Here are my takeaways from our year:

Sports 
The first comments most people make about grade-skipping is in regards to athletics. First of all, I never planned on raising a professional athlete. There is nothing wrong with professional athletes, but raising one was never a personal goal of mine. That being said, my son had played baseball since he was seven, so I spoke with my son’s little league coach (who is also the high school varsity baseball coach) before I decided to grade-skip my son. It turns out, his daughter had grade-skipped as well.

“There are more academic scholarships than athletic scholarships,” he said. “You should always grade-skip. He’ll be fine in baseball.”
Now, I don’t know if he’ll make the freshman baseball team, but he is currently holding his own on the 14-year-old travel team as a 12-year-old.  Size definitely matters, but so does heart, focus, and the desire to work hard. He was a top player on the team for his actual age, and is still near the top of his current roster. Besides, if all else fails, he can continue to run cross-country—a multi-grade sport with no try-outs—and play baseball for the rec department team.

Gym class was fine. He likes sports, and has played a variety of them since he was little, so he’s pretty coordinated. He was never last-picked for a team—but then again, kids weren’t allowed to pick teams in gym class at his school. The only issue he had in P.E. was getting from the third floor to the gymnasium in four minutes.

Social Needs
Some kids treat him as a peer, and some kids treat him as a little brother/mascot, but so far, no one has bullied him.  On the first day of school, another student saw him eating alone, and pulled him into his group. My son now has as many friends at the new school as at the old one.

He’s managed to find kids with similar interests and emotional maturity in his new grade-level. While I worried a lot about dating, drugs, etc., it hasn’t been an issue.
Kids hit puberty at different ages no matter what grade they are in, and he’s not the only one of his friends who isn’t much interested in dating yet. He may not have slow danced with anyone at the formal but he wasn’t the only one who didn’t, and he still had an awesome time.

Academics 
My son got all As and one B+ this year—he didn’t struggle with the work. The only place where the age-gap created a problem was in Health class—he was a little young for the subject matter. Even though he was uncomfortable, he had to get through it.
He’s going to need to know about relationships, drugs, and healthy sexuality going into high school, no matter how young he is. And that class spawned a lot of awkward conversations between the two of us—conversations that we needed to have before high school and I was shirking on.

Here’s the thing—middle school isn’t only filled with sweet young children eager to learn. He’s already witnessed other students acting out and experimenting with risky behavior, and he knows where he stands, and who he wants to stand next to. He’s more sure of who he is now than he ever has been before, and that’s a great place to be as a Freshman.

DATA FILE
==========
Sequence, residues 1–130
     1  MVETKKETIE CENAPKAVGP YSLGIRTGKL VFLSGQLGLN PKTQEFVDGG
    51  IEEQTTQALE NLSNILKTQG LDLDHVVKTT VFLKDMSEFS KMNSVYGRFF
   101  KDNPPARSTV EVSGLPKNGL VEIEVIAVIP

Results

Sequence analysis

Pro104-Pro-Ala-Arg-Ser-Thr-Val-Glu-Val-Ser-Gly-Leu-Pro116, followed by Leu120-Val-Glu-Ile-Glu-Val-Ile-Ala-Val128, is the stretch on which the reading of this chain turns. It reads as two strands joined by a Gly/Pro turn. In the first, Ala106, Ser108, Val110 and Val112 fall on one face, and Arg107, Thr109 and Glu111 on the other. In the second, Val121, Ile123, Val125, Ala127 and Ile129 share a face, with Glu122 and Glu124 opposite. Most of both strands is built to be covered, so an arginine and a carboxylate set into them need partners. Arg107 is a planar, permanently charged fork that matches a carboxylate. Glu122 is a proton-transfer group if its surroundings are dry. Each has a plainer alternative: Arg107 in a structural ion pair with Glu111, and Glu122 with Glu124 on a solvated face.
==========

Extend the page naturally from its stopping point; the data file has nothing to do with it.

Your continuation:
So now that my 12-year-old has survived eighth grade, I don’t have as many fears for high school. He’s got a group of friends that I both like and trust. I know he can handle the academics, and he’s got as good a shot as anyone in making the freshman baseball team. Whole grade acceleration may not be right for everyone, but so far, it’s worked out well for our family.

First Appeared June 29, 2018 on Modern Parents, Messy Kids.

Sunday, June 24, 2018

Special Announcement

Caption by Big Pants

I am so excited to announce that Skyhorse Publishing has signed my second book, Mama, Mama, Only Mama! Stories, Blogs, and Hacked Recipes for the Newly Single Mother for release in early 2019!

Book description: 

Being a single mother means relaxing your cleanliness standards. A lot.

Being a single mother means missing your kids like crazy when your ex has them, only to want to give them back ten minutes after they come home.

Being a single mother means accepting sleep deprivation as a natural state.

Being a single mother means hauling a toddler, a baby and a diaper bag while wearing high heels and a cute skirt, because you never know when you’ll meet someone.

Being a single mother means finding out you are stronger than you ever knew was possible.

Since birth, Lara Lillibridge’s children wanted, “Mama, Mama, Only Mama!” whether they were tired or just woke up from a nap—whether they were starving or had just finished a bowl of goldfish crackers. Over ten years later, not much has changed. 

Written in the style of a diary with blogs, articles and recipes tucked between the pages, Mama, Mama, Only Mama follows Lara Lillibridge and her two children, Big Pants and Tiny Pants, out of divorce, through six years of single parenting, and into the family blender with a quasi-stepfather called SigO. Complete with highly useful recipes such as congealed s’more stew, recycled snack candy bars, instant oatmeal cookies and a fine chicken casserole that didn’t pass Tiny Pants’ “lick test,” Lillibridge grows into her role as mother, finds true love, and comes to terms with her ex-husband. 



Tuesday, November 22, 2016

New Blog

You may have noticed that I haven't been posting here much lately. OK, not once all year.